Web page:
|Dent du Géant & Arête de Rochefort|
Running along the Frano-Italian border is a very high ridge with two well-known summits on either end, the Dent du Géant at the west end and the Grandes Jorasses to the east. While the Grandes Jorasses is a difficult climb by almost any route, the impressive fang of the Dent is more reasonable and makes a great objective.
The ridge line to the east of the Dent du Géant is the famous Rochefort Arête, arguably the most beautiful snow arête in the Alps. Here, a narrow and outrageously exposed "trail" follows the narrow crest, winding among giant cornices and wild snow features.
The Arête and the Dent make a great combined day's outing, including both snow and ice climbing on the former and as well as the rock climbing on the latter. The route on the Dent is on the SW side and shady in the early morning. So the logical itinerary has us on the Rochefort in the morning, when the snow is firm, and climbing on the Dent in the afternoon.
Both of these climbs are accessed from the Torino Hut, which is accessible completely by cable car from Chamonix. This is essentially a one day climb, with a hut stay prior to the ascent.
Leaving the hut very early we traverse the easy glacier to the east. This leads to much moderate scrambling on 3rd class rock to the "Salle à Manger", a high platform just under the Dent and at the western end of the Rochefort Arête. We'll continue east on the Arête for perhaps an hour or two. There are a number of minor summits along the ridge and we may choose our turn-around point based on one of these, though mostly we are there to enjoy climbing on the fantastic ridge line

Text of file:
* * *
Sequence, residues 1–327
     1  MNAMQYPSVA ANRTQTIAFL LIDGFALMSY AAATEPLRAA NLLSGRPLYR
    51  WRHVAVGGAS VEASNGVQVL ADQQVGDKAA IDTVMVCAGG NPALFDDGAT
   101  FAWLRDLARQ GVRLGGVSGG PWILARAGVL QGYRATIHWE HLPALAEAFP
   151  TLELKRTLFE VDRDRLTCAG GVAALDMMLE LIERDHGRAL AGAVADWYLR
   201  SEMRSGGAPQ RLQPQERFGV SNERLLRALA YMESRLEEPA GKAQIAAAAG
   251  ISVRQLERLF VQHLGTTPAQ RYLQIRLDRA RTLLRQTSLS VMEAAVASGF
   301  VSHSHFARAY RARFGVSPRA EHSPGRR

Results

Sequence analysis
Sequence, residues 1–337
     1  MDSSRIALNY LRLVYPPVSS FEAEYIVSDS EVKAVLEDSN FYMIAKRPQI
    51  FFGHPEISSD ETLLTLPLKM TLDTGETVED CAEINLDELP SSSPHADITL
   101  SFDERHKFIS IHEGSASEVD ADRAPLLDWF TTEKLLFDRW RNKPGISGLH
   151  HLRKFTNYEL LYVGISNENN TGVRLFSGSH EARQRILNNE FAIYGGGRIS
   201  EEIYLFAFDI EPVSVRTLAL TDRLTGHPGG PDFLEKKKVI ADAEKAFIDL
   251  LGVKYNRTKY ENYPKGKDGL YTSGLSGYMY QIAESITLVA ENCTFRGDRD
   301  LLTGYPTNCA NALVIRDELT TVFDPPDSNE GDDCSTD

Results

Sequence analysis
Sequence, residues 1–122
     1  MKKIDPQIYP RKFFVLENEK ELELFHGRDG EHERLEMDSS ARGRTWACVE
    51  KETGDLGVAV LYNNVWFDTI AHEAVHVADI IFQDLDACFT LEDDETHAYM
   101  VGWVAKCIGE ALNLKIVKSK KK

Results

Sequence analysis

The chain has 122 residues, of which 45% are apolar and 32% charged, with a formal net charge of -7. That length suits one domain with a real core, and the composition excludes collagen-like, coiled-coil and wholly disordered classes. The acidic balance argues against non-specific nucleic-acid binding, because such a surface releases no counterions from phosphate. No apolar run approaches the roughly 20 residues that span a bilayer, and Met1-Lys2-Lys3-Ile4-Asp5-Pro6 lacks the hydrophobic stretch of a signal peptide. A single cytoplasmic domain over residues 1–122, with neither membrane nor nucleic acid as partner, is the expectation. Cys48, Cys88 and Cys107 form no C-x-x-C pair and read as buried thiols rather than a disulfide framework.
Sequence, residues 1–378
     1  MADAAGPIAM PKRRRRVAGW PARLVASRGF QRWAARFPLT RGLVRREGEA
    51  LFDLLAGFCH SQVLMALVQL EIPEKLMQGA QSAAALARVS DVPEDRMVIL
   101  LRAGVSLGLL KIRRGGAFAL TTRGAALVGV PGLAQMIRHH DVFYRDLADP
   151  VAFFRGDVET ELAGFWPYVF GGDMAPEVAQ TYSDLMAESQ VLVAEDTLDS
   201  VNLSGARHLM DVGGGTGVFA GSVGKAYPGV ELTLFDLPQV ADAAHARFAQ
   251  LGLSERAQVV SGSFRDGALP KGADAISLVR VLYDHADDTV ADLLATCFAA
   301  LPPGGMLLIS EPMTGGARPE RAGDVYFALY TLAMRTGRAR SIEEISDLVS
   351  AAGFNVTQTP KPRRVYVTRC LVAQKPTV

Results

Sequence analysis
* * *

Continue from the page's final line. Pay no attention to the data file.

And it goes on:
Returning to the Salle à Manger we will leave our ice climbing gear, and perhaps our mountain boots, don rock shoes and begin our climb of the Dent du Géant. The rout curves up and left to reach the huge slabs of the SW Face. Crack systems are followed, curving back right to the highest summit. The route has been equipped with much fixed rope to make an otherwise very difficult ascent a bit more "democratic". While most climbers use these ropes as useful handholds, it is also possible to climb the route free at about 5.9 in difficulty. Descent is by rappel on a direct route on the vertical South Face.
|On the Dent du Géant|
The combination of the Rochefort Arête and the Dent du Géant require both rock climbing skills as well as those needed for steep snow and ice.
The rock climbing is not overly difficult, at least if the fixed ropes are used as an aid, but the route is unrelentingly exposed, so climbers need to be comfortable on very exposed terrain.
Though the technical difficulties are not great, this is a long route and a big day. Good fitness is key, as well as a certain degree of comfort in crampons on steep slopes.
Climbers need to know how to flat-foot up moderately steep frozen snow, as well as front point on harder ice. On the rock of the Dent, climbers need to be able to follow about 5.6 comfortably and have experience on multi-pitch rappels. Fitness is important, as the day is long.
From the Torino hut there are a number of other climbs readily accessible. The Traverse of the Aiguille d'Entrèves can be done on the day you climb move to the hut, as can the SE Ridge of the Tour Ronde. Also recommended is the East Arête of the Pyramide du Tacul, which can be also be done on the approach day, as you traverse the Vallée Blanche to the hut.
|The Rochefort Arête|
Kathy Cosley & Mark Houston
AMGA Certified • SNGM members
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